Dorothea Lange

I watched most of the documentary on PBS about Dorothea Lange, the photographer renowned for her powerful photographs of the misery in the Dust Bowl. It was very interesting. I don’t think I ever saw a photograph of her. The documentary showed her a s young and old woman. Her voice was remarkably youthful in old age. Less well known was her assignment from the uS Govt. to take photos of the Japanese internment at one particular camp, to use as  propaganda that the Japanese we happy there. But she took photos that told the true story, of the stoicism , the misery and the unfairness of it all. I had seen some of them from my research for my first novel, “The Wrong Face”. There were many more in the documentary. The photos were so disturbing to the govt. that they were impounded and not released until years later.

The suffering subjects of her work didn’t mind her hanging around, taking many photos because they felt her empathy.

The documentary mentioned a few times that she was not good at mothering, of her children and the stepchildren of her two marriages. Aside from her personality, a working mother’s life required compromise. She spent months away from home at a time to pursue her vision, of documenting social ills of the time. One year, she farmed her children to families so she could be on the road.  That was in the 1930s and 40s. The problem is still the same for working mothers today.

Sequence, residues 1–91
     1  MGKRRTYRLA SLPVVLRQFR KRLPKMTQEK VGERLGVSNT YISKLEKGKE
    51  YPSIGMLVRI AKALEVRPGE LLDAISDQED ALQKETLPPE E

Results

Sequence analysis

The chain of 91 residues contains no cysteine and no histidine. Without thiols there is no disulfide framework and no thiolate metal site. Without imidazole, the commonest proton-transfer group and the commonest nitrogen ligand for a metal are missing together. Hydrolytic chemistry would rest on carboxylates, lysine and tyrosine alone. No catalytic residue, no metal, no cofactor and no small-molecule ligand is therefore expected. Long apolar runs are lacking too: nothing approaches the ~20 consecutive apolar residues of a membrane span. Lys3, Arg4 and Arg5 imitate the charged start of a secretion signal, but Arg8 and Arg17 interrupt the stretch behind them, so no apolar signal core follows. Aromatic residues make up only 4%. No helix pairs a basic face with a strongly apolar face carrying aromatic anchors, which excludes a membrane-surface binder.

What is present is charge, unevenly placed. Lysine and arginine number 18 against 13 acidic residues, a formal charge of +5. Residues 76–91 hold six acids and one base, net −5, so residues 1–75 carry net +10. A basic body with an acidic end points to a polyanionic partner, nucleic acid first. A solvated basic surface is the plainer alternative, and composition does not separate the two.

I hope PBS shows the documentary again. I recommend it highly.

Non fiction

Teachers  have been told by educators to assign non fiction to  students  because in their work lives in the future, they’ll be reading non fiction. They have to read manuals, instructions, documents etc. Still, I was surprised that my kindergartener granddaughter’s assignment was to write a simple book report on a non fiction book. I found one on different kinds of houses in the world.

It’s good that non fiction is introduced this early.

Humor in a sad book

My second blog about a middle grade novel.

Ms. Bixby’s Last Day by John David Anderson , published in 2017 is a sad book. A beloved teacher dying of cancer is sad, but the author injected so much humor that I was surprised  that I started to tear up at the end of the story, when the three sixth graders succeeded to smuggle the teacher out of the hospital, if only too briefly.

Again I’m not reviewing the book, which is wonderful. I recommend it highly  not just to middle graders.

Just some thoughts.

It is written in the present tense,  alternating chapters from each boy’s point of view.There are flashbacks in each chapter (of course in past tense). These flashbacks are absolutely necessary. Not one was put in just for the word count. Authors are told to present each character with a different way of speaking, of expressing. I must say  that if not for each boy’s backstory, and the title of the chapter, I’d not know who was speaking in that chapter.

I’ve never been able to put some  humor in my stories. It’s something I must learn to do.It’s not that I don’t like humor, in fact, I can be very funny.

I hope my grandchildren will have the good fortune to meet one teacher who can transform them, inspire them and bring out their best. This teacher doesn’t have to be as perfect as Ms. Bixby. Just the ability to listen, to discern the truth behind a facade of a frightened or neglected front and appreciation of specialness will go a long way.